Grip strength was measured using a handgrip dynamometer (model 78010; Lafayette Instrument Company, Lafayette, ID, USA) and was included because previous research indicates that grip strength is associated with occupational performance (26). The test-retest reliabilities of this assessment in this sample for the right and left hands were r = 0.940 and r = 0.932, respectively. The subject was instructed to stand erect with the shoulder adducted and neutrally rotated, elbow flexed at 90° angle, forearm in a neutral position, and wrist in slight extension (13). Each subject performed a maximal finger flexion with no extraneous body movements. Three trials were completed by both hands. One minute of rest was provided between trials, and the best score for each hand was used in the analysis.
Vertical jump was used as an assessment of lower-body muscular power. The test-retest reliability of this assessment in this sample was r = 0.995. The testing protocol used was composed of standardized procedures as presented elsewhere (4). A vertical jump device (Vertec; Sports Imports, Columbus, OH, USA) was used to measure vertical jump height. Standing with both feet flat on the ground and reaching upward with their dominant arm, the subject was asked to touch the highest vein on the device. The subject was instructed to jump straight up as high as possible with the dominant arm and tap the highest vein on the device. No preparatory steps or shuffling were allowed. The test took place on a wood gymnasium floor. Vertical jump height was calculated as the difference between the standing reach and the highest jump reach score. Each subject performed 2 practice trials and 3 official trials. The highest value of the official trials was used in the data analysis.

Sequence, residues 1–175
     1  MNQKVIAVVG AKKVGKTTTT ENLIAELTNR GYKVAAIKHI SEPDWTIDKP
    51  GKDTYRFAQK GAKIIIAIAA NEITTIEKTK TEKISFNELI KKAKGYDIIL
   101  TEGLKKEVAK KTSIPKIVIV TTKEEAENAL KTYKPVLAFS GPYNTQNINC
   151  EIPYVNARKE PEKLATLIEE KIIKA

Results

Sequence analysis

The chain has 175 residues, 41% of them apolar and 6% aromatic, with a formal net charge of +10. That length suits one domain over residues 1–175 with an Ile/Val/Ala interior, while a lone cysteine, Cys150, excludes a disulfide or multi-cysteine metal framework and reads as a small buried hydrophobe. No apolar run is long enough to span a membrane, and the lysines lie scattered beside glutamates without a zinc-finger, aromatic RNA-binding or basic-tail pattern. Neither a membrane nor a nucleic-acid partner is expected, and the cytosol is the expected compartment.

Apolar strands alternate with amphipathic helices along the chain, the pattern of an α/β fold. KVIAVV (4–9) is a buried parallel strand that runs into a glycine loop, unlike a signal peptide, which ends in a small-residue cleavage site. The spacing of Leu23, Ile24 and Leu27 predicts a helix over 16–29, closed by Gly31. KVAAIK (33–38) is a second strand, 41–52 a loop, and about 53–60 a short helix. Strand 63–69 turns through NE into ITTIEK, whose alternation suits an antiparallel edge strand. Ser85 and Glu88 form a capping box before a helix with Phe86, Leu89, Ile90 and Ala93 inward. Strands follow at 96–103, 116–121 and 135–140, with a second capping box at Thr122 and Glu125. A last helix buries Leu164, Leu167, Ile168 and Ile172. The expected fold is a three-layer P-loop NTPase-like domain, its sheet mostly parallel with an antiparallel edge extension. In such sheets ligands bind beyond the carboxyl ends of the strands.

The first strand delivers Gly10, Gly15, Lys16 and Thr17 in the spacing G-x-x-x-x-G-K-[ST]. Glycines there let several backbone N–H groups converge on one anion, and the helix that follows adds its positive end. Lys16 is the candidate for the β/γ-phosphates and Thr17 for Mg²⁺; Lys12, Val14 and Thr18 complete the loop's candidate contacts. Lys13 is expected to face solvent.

The curl-up test was used to assess abdominal muscular endurance using standardized procedures (1). The reliability of this assessment has been reported to be r = 0.98 (8). The subject was instructed to lie supine on a mat with the knees flexed at 90° angle, legs positioned hip-width apart, and arms fully extended at the sides with the middle finger of both hands touching a piece of tape. The first piece of tape was used to mark zero, and a second piece of tape was placed 10 cm beyond the zero marker. A metronome was set at 50 b·min−1 (i.e., rate of 25 repetitions per minute). The subject was instructed to curl up until his middle finger touched the second piece of tape in sync with the metronome. Subjects were required to keep the palms of their hands and the heels of their feet in contact with the mat while the shoulders and head were raised and returned to the mat and the middle finger to the zero marker. The total number of successfully completed repetitions was recorded.